This Is Why The Tour De France Can Be The Most Brutally Heartbreaking Sport In The World

The Tour de France can be brutally unforgiving and crushingly heartbreaking.

On Sunday’s stage 15, Jack Bauer experienced this firsthand.

Bauer is from New Zealand, and he was trying to become the first Kiwi ever to win a stage in the Tour. He had a dream. He wanted to win. He went for it.

The 29-year-old, who rides for the American Garmin-Sharp team, picked what looked to be a good stage for him to go for a victory in the world’s largest annual sporting event.

He broke away with Martin Elmiger, a Swiss rider, at the start of the stage — which was 222 kilometers, or 138 miles, long. And for a large part of the day they benefited from a massive tailwind, which gave them an advantage over the chasing peloton.

They flew along at an average speed of nearly 28 mph for the five hours.

Bauer took risks, like when he went into this extreme aerodynamic tuck in hopes of gaining a few seconds:

And the duo rode well together; at one point their lead over the peloton reached nearly nine minutes.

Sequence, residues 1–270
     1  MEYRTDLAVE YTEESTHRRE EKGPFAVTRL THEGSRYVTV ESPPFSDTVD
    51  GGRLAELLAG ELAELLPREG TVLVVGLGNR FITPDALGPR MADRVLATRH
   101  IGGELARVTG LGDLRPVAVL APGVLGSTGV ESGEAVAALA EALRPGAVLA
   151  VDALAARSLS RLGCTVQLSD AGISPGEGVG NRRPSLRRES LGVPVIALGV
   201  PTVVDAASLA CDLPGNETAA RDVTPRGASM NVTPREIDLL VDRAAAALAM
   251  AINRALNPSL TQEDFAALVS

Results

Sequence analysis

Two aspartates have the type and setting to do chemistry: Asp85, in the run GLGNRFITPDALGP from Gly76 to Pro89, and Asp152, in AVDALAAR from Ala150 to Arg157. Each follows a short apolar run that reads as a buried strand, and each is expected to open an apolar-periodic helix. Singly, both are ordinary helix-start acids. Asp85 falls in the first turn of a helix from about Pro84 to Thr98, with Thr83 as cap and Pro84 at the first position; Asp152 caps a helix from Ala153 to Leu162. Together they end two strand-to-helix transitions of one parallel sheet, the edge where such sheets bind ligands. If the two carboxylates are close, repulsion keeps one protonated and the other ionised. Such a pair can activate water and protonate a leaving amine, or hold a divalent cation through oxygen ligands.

They rode through a storm that moved over the race. There were reports of hail, thunder, and lightning, and yet the two just kept working.

Breakaways rarely succeed at the Tour, so as the kilometers ticked away, people were starting to wonder: Could these guys actually make it to the finish?

After five hours of hard-core racing, the hungry pack had the duo in its crosshairs and charged into the finish-town of Nîmes.

That’s when Bauer made his move on Elmiger.

At 400 meters to go, with the peloton surging up just behind him, Bauer sprinted, leaving Elmiger behind. He gave it everything he could.

But after racing his heart out all day, Bauer was caught in the final 25 meters and passed by the big sprinters, with Norway’s Alexander Kristoff robbing the Kiwi of glory:

It’s not the first time the Tour was brutally unforgiving on its riders, and it won’t be the last.

In last year’s Tour, Bauer crashed hard and had to quit the race:

And again this year, the Tour was not kind to Bauer.

“It’s just bitter, bitter disappointment,” Bauer told the AFP. “It’s a childhood dream to win a stage of the Tour and for a domestique, like myself. I’m normally working for others. This was my first chance to be up the road and with the chance in the wind and the weather, me and Martin realised we had a chance for the win …

“I faked to be tired but felt I had more punch left. I left it until 400 metres to go. I thought I had it but then I realised in the last 50 metres that I had nothing.”

“It was so close but so far,” Bauer said.

Bauer collapsed at the finish. Sitting on the ground, he was emotional as his teammates tried to console him.

To add insult to injury, Bauer didn’t even get the prize for the day’s Most Competitive rider. That honour went to Elmiger, who initiated the breakaway.

And, as they say, that’s bike racing. Cruel as it may be.

Watch the video recap below:

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